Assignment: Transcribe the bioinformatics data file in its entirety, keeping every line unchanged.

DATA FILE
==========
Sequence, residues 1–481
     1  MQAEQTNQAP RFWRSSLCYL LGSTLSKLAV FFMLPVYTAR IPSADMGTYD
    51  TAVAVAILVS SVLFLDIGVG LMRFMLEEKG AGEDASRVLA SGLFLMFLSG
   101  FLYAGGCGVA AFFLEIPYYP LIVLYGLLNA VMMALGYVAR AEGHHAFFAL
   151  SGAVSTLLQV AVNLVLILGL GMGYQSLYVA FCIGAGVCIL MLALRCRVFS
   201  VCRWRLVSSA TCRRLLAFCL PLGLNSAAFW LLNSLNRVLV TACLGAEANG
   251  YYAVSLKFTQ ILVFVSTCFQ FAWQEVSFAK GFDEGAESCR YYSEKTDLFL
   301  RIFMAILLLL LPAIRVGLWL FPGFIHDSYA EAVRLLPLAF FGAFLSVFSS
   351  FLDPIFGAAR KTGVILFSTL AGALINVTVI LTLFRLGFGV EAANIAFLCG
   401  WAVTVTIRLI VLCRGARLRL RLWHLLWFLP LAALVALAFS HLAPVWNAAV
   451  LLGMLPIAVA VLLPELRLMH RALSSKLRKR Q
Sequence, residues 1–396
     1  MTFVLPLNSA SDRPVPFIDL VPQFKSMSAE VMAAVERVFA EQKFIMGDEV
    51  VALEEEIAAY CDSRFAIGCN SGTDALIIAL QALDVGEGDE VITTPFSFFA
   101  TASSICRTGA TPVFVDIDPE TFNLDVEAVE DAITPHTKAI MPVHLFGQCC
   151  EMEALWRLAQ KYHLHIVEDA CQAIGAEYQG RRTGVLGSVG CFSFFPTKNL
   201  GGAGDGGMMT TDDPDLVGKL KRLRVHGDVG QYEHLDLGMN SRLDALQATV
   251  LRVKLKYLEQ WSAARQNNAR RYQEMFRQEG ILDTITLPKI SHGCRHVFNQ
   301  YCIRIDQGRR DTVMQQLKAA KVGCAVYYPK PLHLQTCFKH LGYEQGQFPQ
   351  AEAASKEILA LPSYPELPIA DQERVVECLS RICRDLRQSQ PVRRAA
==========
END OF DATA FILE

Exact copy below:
Sequence, residues 1–481
     1  MQAEQTNQAP RFWRSSLCYL LGSTLSKLAV FFMLPVYTAR IPSADMGTYD
    51  TAVAVAILVS SVLFLDIGVG LMRFMLEEKG AGEDASRVLA SGLFLMFLSG
   101  FLYAGGCGVA AFFLEIPYYP LIVLYGLLNA VMMALGYVAR AEGHHAFFAL
   151  SGAVSTLLQV AVNLVLILGL GMGYQSLYVA FCIGAGVCIL MLALRCRVFS
   201  VCRWRLVSSA TCRRLLAFCL PLGLNSAAFW LLNSLNRVLV TACLGAEANG
   251  YYAVSLKFTQ ILVFVSTCFQ FAWQEVSFAK GFDEGAESCR YYSEKTDLFL
   301  RIFMAILLLL LPAIRVGLWL FPGFIHDSYA EAVRLLPLAF FGAFLSVFSS
   351  FLDPIFGAAR KTGVILFSTL AGALINVTVI LTLFRLGFGV EAANIAFLCG
   401  WAVTVTIRLI VLCRGARLRL RLWHLLWFLP LAALVALAFS HLAPVWNAAV
   451  LLGMLPIAVA VLLPELRLMH RALSSKLRKR Q
Sequence, residues 1–396
     1  MTFVLPLNSA SDRPVPFIDL VPQFKSMSAE VMAAVERVFA EQKFIMGDEV
    51  VALEEEIAAY CDSRFAIGCN SGTDALIIAL QALDVGEGDE VITTPFSFFA
   101  TASSICRTGA TPVFVDIDPE TFNLDVEAVE DAITPHTKAI MPVHLFGQCC
   151  EMEALWRLAQ KYHLHIVEDA CQAIGAEYQG RRTGVLGSVG CFSFFPTKNL
   201  GGAGDGGMMT TDDPDLVGKL KRLRVHGDVG QYEHLDLGMN SRLDALQATV
   251  LRVKLKYLEQ WSAARQNNAR RYQEMFRQEG ILDTITLPKI SHGCRHVFNQ
   301  YCIRIDQGRR DTVMQQLKAA KVGCAVYYPK PLHLQTCFKH LGYEQGQFPQ
   351  AEAASKEILA LPSYPELPIA DQERVVECLS RICRDLRQSQ PVRRAA